Failing our state parks | Editorial

Washington’s state parks are starting to wither on the vine as the Legislature chokes off funding for what was once bragged up as the gem of the Evergreen State.

Dozens of parks dot the state’s landscape, from the basalt coulees of Eastern Washington to the cold waters of the Pacific Ocean. They reflect this state’s amazing geographic diversity, from high deserts to higher mountains, from tall, dry timber to the lushest rain forest north of the Amazon.

Our state parks should be abundantly funded and advertised as one of our top tourist attractions. But like that other great tourist attraction, Washington State Ferries, the parks go wanting as the Legislature addresses other priorities.

Last week the state Parks Commission slashed half the staff at our state parks, a move that is particularly devastating to Whidbey Island where Deception Pass State Park, Fort Ebey State Park, Fort Casey State Park and South Whidbey State Park attract many thousands of tourists annually. It will be impossible for half a staff to keep up with maintenance and law enforcement needs, let alone serve as tour guides. Part-time hirees in the summer months won’t nearly fill the gap left by experienced, full-time park employees.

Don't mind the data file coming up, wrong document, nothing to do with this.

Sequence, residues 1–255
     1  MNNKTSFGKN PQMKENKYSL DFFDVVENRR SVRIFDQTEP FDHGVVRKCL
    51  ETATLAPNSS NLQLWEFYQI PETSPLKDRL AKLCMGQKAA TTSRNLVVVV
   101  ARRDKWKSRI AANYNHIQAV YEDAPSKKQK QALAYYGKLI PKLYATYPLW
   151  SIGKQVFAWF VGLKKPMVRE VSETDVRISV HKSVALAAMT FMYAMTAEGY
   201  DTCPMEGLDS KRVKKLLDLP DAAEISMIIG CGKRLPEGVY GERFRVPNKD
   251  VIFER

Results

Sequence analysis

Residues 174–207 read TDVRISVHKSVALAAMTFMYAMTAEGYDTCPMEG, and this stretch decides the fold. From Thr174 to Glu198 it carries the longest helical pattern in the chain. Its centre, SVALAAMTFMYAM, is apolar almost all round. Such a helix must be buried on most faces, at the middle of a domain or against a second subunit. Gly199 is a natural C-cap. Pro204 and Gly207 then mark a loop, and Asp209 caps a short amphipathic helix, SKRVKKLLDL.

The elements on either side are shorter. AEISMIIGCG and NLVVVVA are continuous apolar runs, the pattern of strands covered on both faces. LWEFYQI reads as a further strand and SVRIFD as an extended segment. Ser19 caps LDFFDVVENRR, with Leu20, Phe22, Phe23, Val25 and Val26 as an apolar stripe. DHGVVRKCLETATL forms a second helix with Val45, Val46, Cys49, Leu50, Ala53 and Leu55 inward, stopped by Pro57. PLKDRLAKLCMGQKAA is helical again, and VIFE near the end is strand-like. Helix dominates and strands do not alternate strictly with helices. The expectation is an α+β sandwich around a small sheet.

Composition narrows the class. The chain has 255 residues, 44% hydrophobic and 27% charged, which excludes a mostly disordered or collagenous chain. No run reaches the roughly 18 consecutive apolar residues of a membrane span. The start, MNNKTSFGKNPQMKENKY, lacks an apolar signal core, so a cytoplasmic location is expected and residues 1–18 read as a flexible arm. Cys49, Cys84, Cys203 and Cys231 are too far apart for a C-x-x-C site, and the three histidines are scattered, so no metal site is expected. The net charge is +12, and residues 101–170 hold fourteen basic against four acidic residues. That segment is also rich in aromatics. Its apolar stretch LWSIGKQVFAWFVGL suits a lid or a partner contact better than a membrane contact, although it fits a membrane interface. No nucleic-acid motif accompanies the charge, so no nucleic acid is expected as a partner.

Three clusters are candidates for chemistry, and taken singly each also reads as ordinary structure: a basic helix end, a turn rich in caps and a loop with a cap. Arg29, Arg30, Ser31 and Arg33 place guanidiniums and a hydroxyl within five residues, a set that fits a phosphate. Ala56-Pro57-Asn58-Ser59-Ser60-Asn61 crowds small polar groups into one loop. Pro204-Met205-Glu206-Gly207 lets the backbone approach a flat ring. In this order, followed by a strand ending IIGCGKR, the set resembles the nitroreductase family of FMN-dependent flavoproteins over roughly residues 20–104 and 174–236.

The Legislature intends to wean State Parks from tax funding entirely with the Discover Pass, implemented last summer. The $10 daily park fee or $30 annual pass has already fallen short of predicted revenue. Only an elected official could be so detached from reality as to think it will ever generate the revenue needed to nourish a healthy, vibrant community of state parks.

It has been proposed that Puget Sound’s state parks, particularly those on Whidbey and near Port Townsend, be turned over to the National Park Service, which already oversees Whidbey’s Fort Ebey National Historic Reserve.

Perhaps they all should be nationalized, or privatized, because the people in charge in Olympia have failed our deteriorating park system.


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